I found myself wishing during the course of the evening that Erica were there. You wondered what had become of her? No, I had not forgotten; she was very much a part of my life in New York, and I shall return to her shortly. And that, as you will come to understand, is saying a great deal. A week later, when the analyst training program came to an end, Jim called us one by one to his office. He laughed. Nurture it. It can take you a long way. Want to be on it? I felt bathed in a warm sense of accomplishment.
Nothing troubled me; I was a young New Yorker with the city at my feet. How soon that would change! My world would be transformed, just as this market around us has been. See how quickly they have brought those tables into the street. Crowds have begun to stroll where only a few minutes ago there was the rumble of traffic. Coming upon this scene now, one might think that Old Anarkali looked always thus, regardless of the hour.
But we, sir, who have been sitting here for some time, we know better, do we not? Yes, we have acquired a certain familiarity with the recent history of our surroundings, and that—in my humble opinion—allows us to put the present into much better perspective.
I have been told that it looks like a rope burn; my more active friends say it is not dissimilar to marks on the bodies of those who have taken up rappelling—or mountain climbing, for that matter.
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Perhaps a thought of this nature is passing through your mind, for I detect a certain seriousness in your expression, as though you are wondering what sort of training camp could have given a fellow from the plains such as myself cause to engage in these activities! Allow me, then, to reassure you that the source of my injury was rather prosaic.
We have in this country a phenomenon with which you will doubtless be unfamiliar, given the state of plenty that characterizes your homeland. Here—particularly in the winter, when the reservoirs of the great dams are almost dry—we face a shortage of electricity that manifests itself in rolling blackouts. We call this load-shedding, and we keep our homes well-stocked with candles so that it does not unduly disrupt our lives. As a child, during such a time of load-shedding, I grabbed hold of one of these candles, tipped it over, and spilled molten wax on myself.
In America, this would have been the start, in all likelihood, of a protracted bout of litigation with the manufacturer for using candle-wax with such a high, and unsafe, melting point; here, it resulted merely in an evening of crying and the rather faint, if oddly linear, scar you see today. Ah, they have begun to turn on the decorative lights that arc through the air above this market! A little gaudy?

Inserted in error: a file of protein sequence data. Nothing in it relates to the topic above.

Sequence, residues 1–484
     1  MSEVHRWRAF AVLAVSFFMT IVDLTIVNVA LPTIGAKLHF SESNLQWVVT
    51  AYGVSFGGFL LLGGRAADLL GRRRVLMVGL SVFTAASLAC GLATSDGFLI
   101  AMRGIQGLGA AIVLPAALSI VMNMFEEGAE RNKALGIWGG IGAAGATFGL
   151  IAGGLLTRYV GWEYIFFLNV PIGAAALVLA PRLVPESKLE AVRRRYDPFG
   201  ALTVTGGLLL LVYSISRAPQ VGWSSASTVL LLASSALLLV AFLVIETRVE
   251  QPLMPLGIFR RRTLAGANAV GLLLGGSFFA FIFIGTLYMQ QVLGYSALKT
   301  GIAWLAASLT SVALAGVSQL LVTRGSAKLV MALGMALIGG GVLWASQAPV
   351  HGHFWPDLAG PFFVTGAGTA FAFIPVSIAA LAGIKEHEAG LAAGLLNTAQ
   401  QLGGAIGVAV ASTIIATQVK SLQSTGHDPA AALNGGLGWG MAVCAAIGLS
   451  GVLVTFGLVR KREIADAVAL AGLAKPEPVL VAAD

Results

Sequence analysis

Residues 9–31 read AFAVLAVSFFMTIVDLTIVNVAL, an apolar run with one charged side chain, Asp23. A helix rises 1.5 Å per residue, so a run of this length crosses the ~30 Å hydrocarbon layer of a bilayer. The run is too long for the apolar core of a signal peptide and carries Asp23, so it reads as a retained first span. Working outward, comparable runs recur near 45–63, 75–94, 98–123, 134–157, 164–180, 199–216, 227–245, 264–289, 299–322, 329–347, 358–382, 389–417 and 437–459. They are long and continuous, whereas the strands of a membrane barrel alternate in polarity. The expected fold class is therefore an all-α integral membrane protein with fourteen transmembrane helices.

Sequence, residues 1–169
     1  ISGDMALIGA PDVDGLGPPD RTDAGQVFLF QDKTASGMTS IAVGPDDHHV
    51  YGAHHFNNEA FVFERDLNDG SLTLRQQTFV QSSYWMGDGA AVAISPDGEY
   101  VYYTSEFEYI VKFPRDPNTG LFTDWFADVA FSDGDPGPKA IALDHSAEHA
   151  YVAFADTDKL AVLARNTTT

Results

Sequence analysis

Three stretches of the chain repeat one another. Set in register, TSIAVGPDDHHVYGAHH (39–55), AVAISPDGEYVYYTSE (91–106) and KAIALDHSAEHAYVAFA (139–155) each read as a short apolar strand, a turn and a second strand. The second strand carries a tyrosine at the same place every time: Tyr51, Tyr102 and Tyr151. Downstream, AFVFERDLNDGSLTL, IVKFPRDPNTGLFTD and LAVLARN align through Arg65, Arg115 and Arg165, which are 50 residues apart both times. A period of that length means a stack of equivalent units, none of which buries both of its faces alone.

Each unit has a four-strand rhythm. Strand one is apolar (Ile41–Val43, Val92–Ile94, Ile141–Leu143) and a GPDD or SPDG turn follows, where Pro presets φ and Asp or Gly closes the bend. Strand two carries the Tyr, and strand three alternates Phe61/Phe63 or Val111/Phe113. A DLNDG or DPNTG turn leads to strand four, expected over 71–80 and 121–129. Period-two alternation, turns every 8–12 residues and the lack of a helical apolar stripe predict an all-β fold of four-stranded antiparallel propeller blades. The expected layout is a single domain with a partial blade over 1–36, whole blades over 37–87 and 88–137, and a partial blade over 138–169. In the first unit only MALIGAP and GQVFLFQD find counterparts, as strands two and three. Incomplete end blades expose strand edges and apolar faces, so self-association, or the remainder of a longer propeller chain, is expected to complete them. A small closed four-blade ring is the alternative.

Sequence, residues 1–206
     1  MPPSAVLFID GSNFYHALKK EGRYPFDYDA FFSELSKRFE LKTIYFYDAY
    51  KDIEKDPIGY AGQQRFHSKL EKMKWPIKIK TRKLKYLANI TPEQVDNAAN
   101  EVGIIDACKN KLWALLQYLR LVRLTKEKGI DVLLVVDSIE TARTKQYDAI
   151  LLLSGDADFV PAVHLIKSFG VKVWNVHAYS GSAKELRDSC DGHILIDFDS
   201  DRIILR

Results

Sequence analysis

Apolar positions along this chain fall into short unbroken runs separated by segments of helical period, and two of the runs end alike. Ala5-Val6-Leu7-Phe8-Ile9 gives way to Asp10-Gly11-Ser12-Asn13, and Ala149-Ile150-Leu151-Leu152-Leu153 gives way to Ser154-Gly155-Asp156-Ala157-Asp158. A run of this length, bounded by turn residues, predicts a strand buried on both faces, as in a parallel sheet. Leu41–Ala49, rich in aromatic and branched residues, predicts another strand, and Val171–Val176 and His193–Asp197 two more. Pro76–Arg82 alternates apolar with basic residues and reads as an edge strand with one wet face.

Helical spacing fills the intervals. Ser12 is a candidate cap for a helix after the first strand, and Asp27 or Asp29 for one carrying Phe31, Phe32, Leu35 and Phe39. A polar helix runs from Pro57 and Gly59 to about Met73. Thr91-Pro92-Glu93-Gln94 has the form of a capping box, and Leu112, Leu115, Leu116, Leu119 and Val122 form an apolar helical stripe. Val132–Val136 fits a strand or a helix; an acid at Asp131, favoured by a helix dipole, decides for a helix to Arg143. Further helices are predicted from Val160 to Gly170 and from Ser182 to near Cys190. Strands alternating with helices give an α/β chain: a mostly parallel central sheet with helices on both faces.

Yes, you are right; I myself might have chosen something less colorful. But observe the smiles on the upturned faces of those around us. It is remarkable how theatrical manmade light can be once sunlight has begun to fade, how it can affect us emotionally, even now, at the start of the twenty-first century, in cities as large and bright as this one.
Surely, New York by night must be one of the greatest sights in the world. I remember my early nocturnal explorations of Manhattan, so often with Erica as my guide.
She invited me to her home for dinner soon after our return from Greece; I spent the afternoon deciding what to wear. I knew her family was wealthy, and I wanted to dress as I imagined they would be dressed: My suit seemed too formal; my blazer would have been better, but it was several years old and struck me as somewhat shabby.
In the end, I took advantage of the ethnic exception clause that is written into every code of etiquette and wore a starched white kurta of delicately worked cotton over a pair of jeans.
It was a testament to the open-mindedness and— that overused word— cosmopolitan nature of New York in those days that I felt completely comfortable on the subway in this attire.
Indeed, no one seemed to take much notice of me at all, save for a gay gentleman who politely offered me an invitational smile. The area—with its charming bistros, exclusive shops, and attractive women in short skirts walking tiny dogs—felt surprisingly familiar, although I had never been there before; I realized later that I owed my sense of familiarity to the many films that had used it as a setting.
Naturally, I responded with an equally cold and rather imperious tone—carefully calibrated to convey both that I had taken offense and that I found it beneath myself to say so—as I stated my business. This had its desired effect; he promptly rang up to inquire whether I should be allowed to pass and—when informed that I should—directed me in person to the elevator.